Dr. Raffety   specializes in the identification and treatment of acute and chronic lyme disease. Aggressive antibiotic treatments are used when necessary. Their approach centers on treating the whole person. In addition, the immune system, inflammatory properties, symptom relief, endocrine imbalances, pre-existing diseases, toxic exposures, and co-infections are all addressed. Please see the articles on lyme disease.

What is Lyme Disease?

Lyme disease is a bacterial infection, usually from the bite of a tick or an insect. Some parts of the country report more cases of lyme disease than others. The epidemiology of what we call lyme disease has been traced back as far as the 1800’s. Lyme disease was recognized in this country after an outbreak in Lyme, Connecticut in 1975. Dr. Steer discovered that the disease was being transmitted by the bite of the Ixodes dammini tick. In 1981 Willy Burgdorfer identified the bacteria as a corkscrew bacterium. The bacteria was later named after Dr. Burgdorfer as Borrelia burgdorferi.

In an acute exposure early antibiotic treatment is believed to be curative. Sending the tick in for testing for the presence of lyme disease is one way to determine exposure. If symptoms occur after a tick bite, the best course of treatment is a 6-8 week antibiotic course. Treatment of chronic Lyme Disease is much more complex and requires a lyme specialist.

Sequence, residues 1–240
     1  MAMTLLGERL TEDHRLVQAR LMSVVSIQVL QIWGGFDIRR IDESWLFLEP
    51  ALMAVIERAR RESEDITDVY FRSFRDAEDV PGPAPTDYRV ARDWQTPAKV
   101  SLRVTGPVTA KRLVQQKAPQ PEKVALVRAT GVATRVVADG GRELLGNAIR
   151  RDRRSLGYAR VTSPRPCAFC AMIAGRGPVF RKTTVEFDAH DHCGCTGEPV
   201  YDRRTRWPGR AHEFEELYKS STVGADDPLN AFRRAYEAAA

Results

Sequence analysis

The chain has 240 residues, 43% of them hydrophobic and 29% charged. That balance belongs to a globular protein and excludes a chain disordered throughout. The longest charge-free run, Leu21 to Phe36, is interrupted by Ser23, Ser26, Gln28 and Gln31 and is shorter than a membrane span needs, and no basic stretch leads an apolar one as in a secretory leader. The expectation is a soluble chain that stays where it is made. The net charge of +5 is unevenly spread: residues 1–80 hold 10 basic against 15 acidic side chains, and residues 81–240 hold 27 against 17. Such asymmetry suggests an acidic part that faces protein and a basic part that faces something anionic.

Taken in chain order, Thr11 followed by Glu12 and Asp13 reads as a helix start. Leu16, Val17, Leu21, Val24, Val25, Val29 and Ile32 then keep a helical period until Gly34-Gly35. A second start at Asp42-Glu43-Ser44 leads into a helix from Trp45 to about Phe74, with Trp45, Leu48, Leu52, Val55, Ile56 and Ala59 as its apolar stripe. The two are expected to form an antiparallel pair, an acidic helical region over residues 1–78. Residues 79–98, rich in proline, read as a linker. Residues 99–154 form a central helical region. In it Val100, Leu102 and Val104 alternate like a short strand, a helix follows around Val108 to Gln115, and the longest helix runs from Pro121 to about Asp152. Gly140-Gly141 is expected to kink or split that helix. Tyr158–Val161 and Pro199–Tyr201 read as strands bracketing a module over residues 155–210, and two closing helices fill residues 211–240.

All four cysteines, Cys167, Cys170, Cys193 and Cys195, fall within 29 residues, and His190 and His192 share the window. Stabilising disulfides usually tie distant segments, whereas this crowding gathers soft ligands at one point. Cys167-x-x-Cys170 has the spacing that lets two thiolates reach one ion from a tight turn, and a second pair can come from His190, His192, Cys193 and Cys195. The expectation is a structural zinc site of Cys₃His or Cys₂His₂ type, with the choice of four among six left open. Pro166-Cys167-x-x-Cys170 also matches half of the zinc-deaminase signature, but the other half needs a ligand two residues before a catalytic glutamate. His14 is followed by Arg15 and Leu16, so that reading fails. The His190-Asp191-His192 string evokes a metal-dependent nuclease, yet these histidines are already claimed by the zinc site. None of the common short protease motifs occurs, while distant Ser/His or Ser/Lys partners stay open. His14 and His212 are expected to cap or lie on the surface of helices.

Does Lyme Disease Exits in Oregon?

Yes, lyme disease does exist in Oregon. Some areas of the state seem to have a higher rate of occurrence such as Southern and Eastern Oregon. Ticks from Oregon have been identified by DNA testing as positive for borrelia bacteria.

Lyme Disease Symptoms.

The acute symptoms from a lyme infected tick bite include a “bulls eye ” rash in 50 % of people. Some sources rely exclusively on the presence of a rash to diagnose lyme disease. Unfortunately not all people produce a rash. Flu like symptoms, high fever, and joint pain are also characteristic of an acute infection.

There is controversy about the prevalence, and accuracy of diagnosis, of what is called chronic lyme disease. The symptoms can mimic other diseases and may be misdiagnosed. Lyme disease has been labeled the ‘great mimicker’. The most common symptoms are roaming joint pain, headaches, twitching, numbness in the body, weakness in muscles, Bell’s palsy, visual changes, light sensitivity, shortness of breath, night sweats, memory loss, confusion, difficulty concentrating, mood swings, extreme fatigue, swollen glands and unexplained fevers. Lab testing is suggested but is not always accurate in identifying the presence of lyme disease. This makes it very difficult to arrive at a diagnosis. Many doctors have to resorted to a “clinical diagnosis”. This means that when the medical history and the clinic symptoms are most characteristic of Lyme disease, then Lyme disease is diagnosed..

See associated web site links for more information.

Please feel free to print out the Lyme Screen Screening Form below.

If you scored between 21 and 45, you possibly have a tick-borne disorder and should see a health-care provider for further evaluation.

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New Lyme Screen form